Conny Blom

Conny Blom


Text & sound installation, 20 page pamphlet, shelf,
wall text, 50 min stereo sound piece.

There is a rarely discussed dark episode in Swedish history that cannot adequately be explained with Swedish neutrality politics. Between the years 1939 and 1943, any critical writing on the German Nazi regime would be consistently censored. Entire editions of daily newspapers and books were confiscated and in multiple cases the writers were sentenced to jail. Altogether 368 confiscations were implemented.

In 2016 The Swedish Freedom of the Press Act celebrated its 250th birthday, but obviously there have not been 250 years of uninterrupted freedom of the press in Sweden. In the exhibition 368, the events from the past are juxtaposed against those of today, when censorship appears in the shape of history rewriting, economical information monopolies, restriction of freedom on the Internet and self censorship within the culture sphere. The installation calls upon us to not only celebrate but also to reflect over the notions of freedom of the press and freedom of speech in a period when obvious changes are happening in our attitude towards knowledge, when governments are considering new limitations to the law that protects free expression, when media faces big challenges and not least when the roll culture has in a society is being questioned.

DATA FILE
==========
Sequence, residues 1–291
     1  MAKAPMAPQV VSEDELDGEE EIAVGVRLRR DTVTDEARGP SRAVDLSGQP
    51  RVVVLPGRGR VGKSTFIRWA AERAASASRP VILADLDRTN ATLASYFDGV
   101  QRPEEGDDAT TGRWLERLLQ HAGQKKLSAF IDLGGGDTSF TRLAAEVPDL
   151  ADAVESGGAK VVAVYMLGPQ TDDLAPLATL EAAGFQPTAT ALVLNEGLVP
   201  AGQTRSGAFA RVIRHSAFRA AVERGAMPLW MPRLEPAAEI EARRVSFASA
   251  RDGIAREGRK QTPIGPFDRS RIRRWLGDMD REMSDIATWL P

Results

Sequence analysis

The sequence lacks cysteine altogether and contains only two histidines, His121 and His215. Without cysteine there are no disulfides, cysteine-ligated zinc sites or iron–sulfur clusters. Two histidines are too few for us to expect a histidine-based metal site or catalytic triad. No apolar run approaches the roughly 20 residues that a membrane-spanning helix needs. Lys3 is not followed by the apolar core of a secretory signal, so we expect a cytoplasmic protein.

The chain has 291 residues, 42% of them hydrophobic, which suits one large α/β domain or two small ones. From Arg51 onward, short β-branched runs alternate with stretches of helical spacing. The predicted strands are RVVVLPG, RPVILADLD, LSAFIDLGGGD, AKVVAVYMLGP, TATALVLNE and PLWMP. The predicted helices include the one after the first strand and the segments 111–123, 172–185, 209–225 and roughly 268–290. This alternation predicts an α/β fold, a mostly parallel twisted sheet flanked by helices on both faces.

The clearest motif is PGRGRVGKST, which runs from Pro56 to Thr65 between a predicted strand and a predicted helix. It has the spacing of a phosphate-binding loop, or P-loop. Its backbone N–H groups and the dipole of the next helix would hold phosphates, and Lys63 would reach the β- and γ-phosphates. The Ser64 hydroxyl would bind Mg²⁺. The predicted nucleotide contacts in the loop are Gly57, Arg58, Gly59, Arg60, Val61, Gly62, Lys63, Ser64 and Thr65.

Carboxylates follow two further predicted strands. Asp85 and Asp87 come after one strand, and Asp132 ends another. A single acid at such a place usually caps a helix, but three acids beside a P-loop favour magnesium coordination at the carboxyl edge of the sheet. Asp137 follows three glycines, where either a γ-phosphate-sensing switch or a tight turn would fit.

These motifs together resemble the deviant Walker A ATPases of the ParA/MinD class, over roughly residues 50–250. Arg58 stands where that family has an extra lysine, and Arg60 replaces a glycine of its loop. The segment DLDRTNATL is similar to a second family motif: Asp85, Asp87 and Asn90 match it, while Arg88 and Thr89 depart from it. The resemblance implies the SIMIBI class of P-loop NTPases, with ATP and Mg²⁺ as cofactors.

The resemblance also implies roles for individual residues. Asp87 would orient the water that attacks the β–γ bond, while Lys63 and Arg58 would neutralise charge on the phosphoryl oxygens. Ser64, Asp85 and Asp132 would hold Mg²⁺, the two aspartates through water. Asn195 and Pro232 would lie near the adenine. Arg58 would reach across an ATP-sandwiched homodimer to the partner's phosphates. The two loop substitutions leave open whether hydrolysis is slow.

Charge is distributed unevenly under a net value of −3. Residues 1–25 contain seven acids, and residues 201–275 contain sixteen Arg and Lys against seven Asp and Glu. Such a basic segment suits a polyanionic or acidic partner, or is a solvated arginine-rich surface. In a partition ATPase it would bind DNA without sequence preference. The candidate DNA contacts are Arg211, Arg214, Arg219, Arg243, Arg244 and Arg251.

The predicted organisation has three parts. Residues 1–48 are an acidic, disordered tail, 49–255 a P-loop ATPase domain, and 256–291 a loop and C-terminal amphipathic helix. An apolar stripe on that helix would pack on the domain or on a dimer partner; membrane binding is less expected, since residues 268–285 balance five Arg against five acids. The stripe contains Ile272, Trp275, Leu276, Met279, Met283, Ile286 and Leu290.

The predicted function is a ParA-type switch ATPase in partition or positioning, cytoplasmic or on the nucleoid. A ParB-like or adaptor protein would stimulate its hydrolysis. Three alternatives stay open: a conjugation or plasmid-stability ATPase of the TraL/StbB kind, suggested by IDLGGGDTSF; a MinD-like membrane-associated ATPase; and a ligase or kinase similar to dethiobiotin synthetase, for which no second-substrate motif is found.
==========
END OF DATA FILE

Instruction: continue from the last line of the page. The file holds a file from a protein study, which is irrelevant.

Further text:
The exhibition consists of an edition of a 20 page pamphlet with reflections on the threats to freedom of the press and freedom of speech in Sweden today, a wall text illustrating the WW2 confiscations and a sound piece composed of beeps, not unlike those used to mask out unwanted words and sentences in radio and TV transmissions. The sound makes it very difficult to maintain a conversation in the exhibtion space.

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Conny Blom